cleaning black spots from floor??

I know this has been asked before, but what's the best and safest way for cleaning black spots from hardwood floors? Without damaging the finish on the the wood.
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is that from a spill or is it a mold?
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<< is that from a spill or is it a mold? >> ____Reply Separator_____ I'm sorry, I should have mentioned, they're probably heel marks.
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On 01 Dec 2003 12:37:25 GMT, snipped-for-privacy@aol.comic (TOM KAN PA) wrote:

cleaner?
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<< neat washing up liquid or neat wood floor cleaner >> ____Reply Separator_____ Available in the states? Is this the same company that makes neat's-oot oil, the same stuff we conditioned our baseball gloves with a long time ago?
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On 01 Dec 2003 22:34:21 GMT, snipped-for-privacy@aol.comic (TOM KAN PA) wrote:

I have never SEEN a baseball glove! and I can't work out if you're teasing me. :)
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<< I have never SEEN a baseball glove! and I can't work out if you're teasing me. :) >>
____Reply Separator_____
neat's-foot oil A pale yellow, fatty oil produced by boiling the feet and shin bones of cattle, horses, sheep, and pigs, and skimming the oil from the surface of the water. Like all natural fats, neat's-foot oil is a mixture of substances, many of which deposit on cooling. "Cold-tested" neat's-foot oil is a material that has been held at the freezing point for a period of time and then filtered. Neat's-foot oil is used in the preparation of some leather dressings, and in the fatliquoring of leather.
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On 02 Dec 2003 14:02:44 GMT, snipped-for-privacy@aol.comic (TOM KAN PA) wrote:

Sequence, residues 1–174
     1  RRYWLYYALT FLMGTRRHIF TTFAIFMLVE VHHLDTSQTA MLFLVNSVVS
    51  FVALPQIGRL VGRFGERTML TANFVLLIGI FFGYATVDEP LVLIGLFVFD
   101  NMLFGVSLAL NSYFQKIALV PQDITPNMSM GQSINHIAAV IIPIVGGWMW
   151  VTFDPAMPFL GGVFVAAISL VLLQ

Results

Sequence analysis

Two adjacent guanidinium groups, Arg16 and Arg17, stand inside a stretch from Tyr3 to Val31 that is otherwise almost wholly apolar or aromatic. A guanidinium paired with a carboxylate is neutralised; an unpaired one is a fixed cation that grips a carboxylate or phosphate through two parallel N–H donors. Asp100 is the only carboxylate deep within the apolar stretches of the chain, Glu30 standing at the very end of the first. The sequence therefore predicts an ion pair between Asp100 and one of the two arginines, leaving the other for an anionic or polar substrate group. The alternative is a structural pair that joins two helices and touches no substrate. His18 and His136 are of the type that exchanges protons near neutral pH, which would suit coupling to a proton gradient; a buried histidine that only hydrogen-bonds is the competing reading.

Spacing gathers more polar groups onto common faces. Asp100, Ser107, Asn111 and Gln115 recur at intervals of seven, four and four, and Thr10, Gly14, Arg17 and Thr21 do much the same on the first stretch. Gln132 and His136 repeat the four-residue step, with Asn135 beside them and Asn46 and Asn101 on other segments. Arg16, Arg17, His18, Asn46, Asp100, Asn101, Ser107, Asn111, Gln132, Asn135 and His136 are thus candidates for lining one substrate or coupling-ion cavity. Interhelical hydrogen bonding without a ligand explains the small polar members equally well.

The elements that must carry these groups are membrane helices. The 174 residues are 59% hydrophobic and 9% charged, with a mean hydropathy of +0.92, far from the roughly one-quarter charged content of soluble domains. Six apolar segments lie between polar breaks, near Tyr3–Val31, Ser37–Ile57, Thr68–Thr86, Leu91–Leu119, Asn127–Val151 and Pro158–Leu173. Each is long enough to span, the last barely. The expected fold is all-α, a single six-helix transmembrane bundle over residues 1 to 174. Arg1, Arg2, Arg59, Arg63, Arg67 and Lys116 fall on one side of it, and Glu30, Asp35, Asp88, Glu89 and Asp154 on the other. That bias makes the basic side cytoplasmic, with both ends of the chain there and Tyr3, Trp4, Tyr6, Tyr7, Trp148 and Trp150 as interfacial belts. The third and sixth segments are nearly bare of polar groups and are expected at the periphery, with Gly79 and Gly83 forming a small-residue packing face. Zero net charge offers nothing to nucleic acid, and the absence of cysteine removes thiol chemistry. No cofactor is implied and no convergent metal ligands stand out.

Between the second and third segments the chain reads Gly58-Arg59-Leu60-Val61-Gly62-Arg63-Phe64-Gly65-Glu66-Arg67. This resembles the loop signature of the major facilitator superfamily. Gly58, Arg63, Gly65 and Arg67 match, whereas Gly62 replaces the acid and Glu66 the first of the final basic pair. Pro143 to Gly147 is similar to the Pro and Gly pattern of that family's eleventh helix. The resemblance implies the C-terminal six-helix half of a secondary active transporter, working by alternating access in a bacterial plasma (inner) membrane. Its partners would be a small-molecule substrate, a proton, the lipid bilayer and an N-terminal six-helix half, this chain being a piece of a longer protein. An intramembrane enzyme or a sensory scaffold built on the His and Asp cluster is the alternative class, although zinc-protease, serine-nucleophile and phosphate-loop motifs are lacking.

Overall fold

That's neat!
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<< WOW That's neat! >> ____Reply Separator_____ I take it this is not what you suggest I use on the floor.
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On 02 Dec 2003 18:23:51 GMT, snipped-for-privacy@aol.comic (TOM KAN PA) wrote:

2 a : free from admixture or dilution : STRAIGHT <neat brandy>
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and I wonder if it's a coincidence that the dictionary says neat brandy cause that's what I've been drinking at the pub tonight!
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(TOM KAN PA) wrote:

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Where did you find such a neat reply separator? Does it come in Blue?:)
Franklyn,
http://woodfloorist.com/catalog.html
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snipped-for-privacy@aol.comic (TOM KAN PA) wrote in message

I have been in the wood floor business for over 30 years. Water and a little rubbing often works wonders. Rubbing alcohol also can work well. Acetone is another possibility. The problem is not knowing what the finish is on your floor. You need to test the compatibility with the cleaner in a closet or corner before using it in a high visibility area.
Franklyn
http://woodfloorist.com
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